- 1 August 2017 at 2:23 am #314211ehiseyParticipant
@dbockel2, that through mortise still looks better than mine, and I already have several multi-mortise projects under my belt.
Lung T'an Hu Huesh Kung-fu Woodshop18 August 2017 at 2:49 am #314551Harvey KimseyParticipant
Agreed! That’s why along time ago I switched to diamond stones. Always flat and ready to go.18 August 2017 at 9:01 am #314553Rowdy WhalebackParticipant1 September 2017 at 3:31 am #315322Thomas AngleParticipant
The softer the wood, the sharper you need your chisel to be.
13 He that answereth a matter before he heareth it, it is folly and shame unto him.10 October 2017 at 10:53 pm #332026D.J. KingParticipant
Much of what has been said is accurate so I will be brief.
1) Pine is harder to chop because it crushes unless chisels are razor sharp. If you can’t shave hair on your arm, you are not getting sharp.
2) Get a couple of board feet of HARDwood and make some practice joints until you get reasonably consistent results. It’s not a chore, it’s fun because there’s no pressure like a project. Cherry, walnut, oak, maple, etc., or whatever hard hardwoods are local to you are good choices. Local = less expensive. Poplar is a hardwood, but too soft for what I’m suggesting.
3) Don’t think of wood as precious. You can always get more.
4) Find an experienced/good woodworker online, join a woodworking club/guild, go to a show, a living history museum, or take a class. Any of these will allow you to experience a chisel and plane that is truly sharp. You will realize your not even close and I think it will redefine sharp for you. You can hit the bullseye unless you know what it looks like.
5) Keep working on sharpening. Your oil stones could be glazed over and are not cutting. You may need to flatten them to refresh them. Invest in diamond stones if you can afford them. Worst case, get a piece of granite and flatten/refresh your stones with 60/80 grit sandpaper on the granite. I got a slab of granite from a local cabinetry store’s dumpster/bin for free. Be nice and they may be happy to let you take one home for free. If they seem hesitant offer them $10-$20USD.
6) Above all keep trying, practice, be patient, have fun, and remember we all started where you are. One day soon it will just click if you stick with it and then you will have a moment of elation and a lifetime of fulfillment.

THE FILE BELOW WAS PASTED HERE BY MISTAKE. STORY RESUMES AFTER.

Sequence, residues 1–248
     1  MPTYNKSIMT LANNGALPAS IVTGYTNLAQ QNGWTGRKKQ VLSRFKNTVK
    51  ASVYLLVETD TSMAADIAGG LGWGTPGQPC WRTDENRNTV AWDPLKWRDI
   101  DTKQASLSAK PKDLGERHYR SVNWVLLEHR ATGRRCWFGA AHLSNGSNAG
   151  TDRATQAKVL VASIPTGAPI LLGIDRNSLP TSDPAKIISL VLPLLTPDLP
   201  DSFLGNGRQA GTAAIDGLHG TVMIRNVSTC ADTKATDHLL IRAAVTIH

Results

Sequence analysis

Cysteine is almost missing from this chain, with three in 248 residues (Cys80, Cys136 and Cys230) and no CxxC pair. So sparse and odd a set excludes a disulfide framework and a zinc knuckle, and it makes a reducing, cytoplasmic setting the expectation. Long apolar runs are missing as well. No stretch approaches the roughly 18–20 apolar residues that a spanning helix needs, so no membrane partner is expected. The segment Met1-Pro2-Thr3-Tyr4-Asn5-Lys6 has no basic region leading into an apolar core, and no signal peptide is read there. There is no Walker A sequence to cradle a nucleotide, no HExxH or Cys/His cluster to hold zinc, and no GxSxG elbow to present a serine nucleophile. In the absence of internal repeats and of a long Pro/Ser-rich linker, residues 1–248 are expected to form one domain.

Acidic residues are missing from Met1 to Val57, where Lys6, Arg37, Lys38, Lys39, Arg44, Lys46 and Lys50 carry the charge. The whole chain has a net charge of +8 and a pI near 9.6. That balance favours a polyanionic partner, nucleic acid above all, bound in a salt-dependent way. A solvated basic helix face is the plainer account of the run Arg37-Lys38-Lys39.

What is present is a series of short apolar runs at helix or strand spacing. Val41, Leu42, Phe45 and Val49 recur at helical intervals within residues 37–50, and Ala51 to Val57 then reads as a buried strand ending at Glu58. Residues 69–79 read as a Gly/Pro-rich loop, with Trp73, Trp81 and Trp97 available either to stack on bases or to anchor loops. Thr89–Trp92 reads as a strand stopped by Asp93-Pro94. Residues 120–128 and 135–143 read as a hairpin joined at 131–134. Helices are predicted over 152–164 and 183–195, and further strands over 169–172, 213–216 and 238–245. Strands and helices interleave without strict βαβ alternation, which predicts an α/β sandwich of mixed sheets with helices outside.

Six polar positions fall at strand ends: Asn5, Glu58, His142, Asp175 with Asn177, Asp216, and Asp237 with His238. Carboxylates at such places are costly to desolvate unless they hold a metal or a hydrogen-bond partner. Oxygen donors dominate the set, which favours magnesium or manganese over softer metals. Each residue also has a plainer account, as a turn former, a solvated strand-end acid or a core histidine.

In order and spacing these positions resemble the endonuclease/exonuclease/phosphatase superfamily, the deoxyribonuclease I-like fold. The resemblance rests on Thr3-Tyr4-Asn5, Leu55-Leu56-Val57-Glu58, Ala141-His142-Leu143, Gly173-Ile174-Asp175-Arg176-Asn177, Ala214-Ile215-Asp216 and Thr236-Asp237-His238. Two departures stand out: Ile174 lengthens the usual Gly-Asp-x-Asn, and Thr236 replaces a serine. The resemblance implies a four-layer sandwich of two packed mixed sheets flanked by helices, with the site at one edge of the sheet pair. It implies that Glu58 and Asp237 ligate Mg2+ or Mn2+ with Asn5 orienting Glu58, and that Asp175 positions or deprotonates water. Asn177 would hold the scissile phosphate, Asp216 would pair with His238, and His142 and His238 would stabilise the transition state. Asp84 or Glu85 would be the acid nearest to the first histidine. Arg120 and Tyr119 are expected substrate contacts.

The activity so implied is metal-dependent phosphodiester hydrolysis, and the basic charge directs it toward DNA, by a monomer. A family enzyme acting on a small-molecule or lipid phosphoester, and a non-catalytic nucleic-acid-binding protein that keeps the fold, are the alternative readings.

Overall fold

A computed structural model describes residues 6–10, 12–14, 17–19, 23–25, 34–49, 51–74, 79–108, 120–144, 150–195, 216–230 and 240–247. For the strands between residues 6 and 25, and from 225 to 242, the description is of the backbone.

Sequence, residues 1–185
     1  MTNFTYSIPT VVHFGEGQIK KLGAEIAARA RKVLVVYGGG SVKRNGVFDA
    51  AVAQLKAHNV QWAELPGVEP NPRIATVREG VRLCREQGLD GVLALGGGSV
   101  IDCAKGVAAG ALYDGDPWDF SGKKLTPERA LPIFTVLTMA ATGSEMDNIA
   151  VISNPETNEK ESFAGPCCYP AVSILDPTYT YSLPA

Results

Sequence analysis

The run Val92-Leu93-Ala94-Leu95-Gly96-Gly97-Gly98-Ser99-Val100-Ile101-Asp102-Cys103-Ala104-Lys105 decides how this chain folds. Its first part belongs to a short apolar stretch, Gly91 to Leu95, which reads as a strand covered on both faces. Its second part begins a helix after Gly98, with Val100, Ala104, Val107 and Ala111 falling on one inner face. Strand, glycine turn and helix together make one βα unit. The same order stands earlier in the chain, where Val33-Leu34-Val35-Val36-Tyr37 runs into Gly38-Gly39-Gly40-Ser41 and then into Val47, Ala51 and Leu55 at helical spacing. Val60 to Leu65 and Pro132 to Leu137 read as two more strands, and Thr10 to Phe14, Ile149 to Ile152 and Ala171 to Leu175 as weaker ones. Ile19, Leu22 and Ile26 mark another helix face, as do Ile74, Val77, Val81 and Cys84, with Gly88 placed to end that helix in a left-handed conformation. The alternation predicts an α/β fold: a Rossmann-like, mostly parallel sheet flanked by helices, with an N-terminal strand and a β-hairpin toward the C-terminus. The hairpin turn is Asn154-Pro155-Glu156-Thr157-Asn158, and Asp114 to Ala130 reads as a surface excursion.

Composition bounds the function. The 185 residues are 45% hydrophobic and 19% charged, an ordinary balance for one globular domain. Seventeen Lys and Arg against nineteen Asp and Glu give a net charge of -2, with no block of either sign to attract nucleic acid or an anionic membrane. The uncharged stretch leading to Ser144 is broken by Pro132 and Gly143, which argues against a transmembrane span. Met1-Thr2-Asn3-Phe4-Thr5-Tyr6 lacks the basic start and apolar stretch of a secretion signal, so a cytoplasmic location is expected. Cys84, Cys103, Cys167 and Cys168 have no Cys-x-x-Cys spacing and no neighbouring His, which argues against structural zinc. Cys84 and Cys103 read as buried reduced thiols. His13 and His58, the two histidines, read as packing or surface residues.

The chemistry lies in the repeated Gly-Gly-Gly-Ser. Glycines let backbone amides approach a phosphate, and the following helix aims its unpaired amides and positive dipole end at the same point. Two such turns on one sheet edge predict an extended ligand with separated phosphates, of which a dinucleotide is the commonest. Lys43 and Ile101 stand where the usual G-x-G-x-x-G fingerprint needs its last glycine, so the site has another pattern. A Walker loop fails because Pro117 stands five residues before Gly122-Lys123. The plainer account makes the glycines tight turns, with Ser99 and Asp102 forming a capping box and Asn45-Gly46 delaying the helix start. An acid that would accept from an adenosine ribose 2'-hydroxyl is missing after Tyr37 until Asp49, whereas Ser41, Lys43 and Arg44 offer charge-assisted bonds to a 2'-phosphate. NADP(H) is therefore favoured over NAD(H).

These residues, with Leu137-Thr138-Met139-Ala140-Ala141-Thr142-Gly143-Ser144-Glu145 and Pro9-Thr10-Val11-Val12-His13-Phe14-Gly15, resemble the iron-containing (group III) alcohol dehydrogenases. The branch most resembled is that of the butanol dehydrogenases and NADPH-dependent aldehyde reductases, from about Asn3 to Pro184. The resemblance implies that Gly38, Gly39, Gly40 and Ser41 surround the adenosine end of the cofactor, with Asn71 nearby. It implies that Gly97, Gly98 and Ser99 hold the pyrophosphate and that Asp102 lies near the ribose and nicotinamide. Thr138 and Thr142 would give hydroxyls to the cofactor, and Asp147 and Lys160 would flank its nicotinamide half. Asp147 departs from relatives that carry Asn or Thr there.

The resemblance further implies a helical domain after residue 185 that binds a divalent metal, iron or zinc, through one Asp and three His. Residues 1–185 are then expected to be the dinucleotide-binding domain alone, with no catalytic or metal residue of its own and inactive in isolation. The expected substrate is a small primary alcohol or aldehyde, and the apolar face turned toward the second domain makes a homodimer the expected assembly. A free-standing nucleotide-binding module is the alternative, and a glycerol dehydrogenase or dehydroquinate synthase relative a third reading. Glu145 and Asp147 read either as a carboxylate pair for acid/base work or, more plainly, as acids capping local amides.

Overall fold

Hudson Valley, NY31 October 2017 at 5:59 pm #345338Anthony RichMember
I’ve been working on my first ever mortise and tennon. I’ve watched lots of Paul’s videos and it looks as if the chisel glides into the wood like butter. I am working with some sort of pine that’s quite old. I’ve sharpened my chisels on oil stones and stropped – to a point where I feel it’s pretty sharp.
When I start my mortise, I use Pauls technique he teaches in his videos, but I am unable to advance anywhere near as quick through the wood. I can’t understand why it’s feeling so difficult given it’s pine of some type. Could this be down to my chisel actually not being sharp enough or just bad technique?
I have had similar trouble, I would suspect your chisels and your technique, lol
I made a mistake sharpening my chisels using arkansas stones, I put windshield washer fluid on the stone, ( ran out of glass cleaner) and it erroded the soft stone, to wear you cant use that side.
Purchase eze lap diamond stones 2 x 6 ” 250, 600, 1200 I cannot believe the difference, using just water now, so much faster and easier. I also messed up the original bevel, some of the chisels I accidentally put a micro bevel on them, Fixed them up nice with the diamond stones, easy as pie now. Well At least they cut into the fibers instead of pushing through them.
31 October 2017 at 6:03 pm #345341Thomas AngleParticipant
- This reply was modified 2 years, 7 months ago by Anthony Rich.
You can put the arkansas stone to the diamond plate and get rid of the pitting.
13 He that answereth a matter before he heareth it, it is folly and shame unto him.
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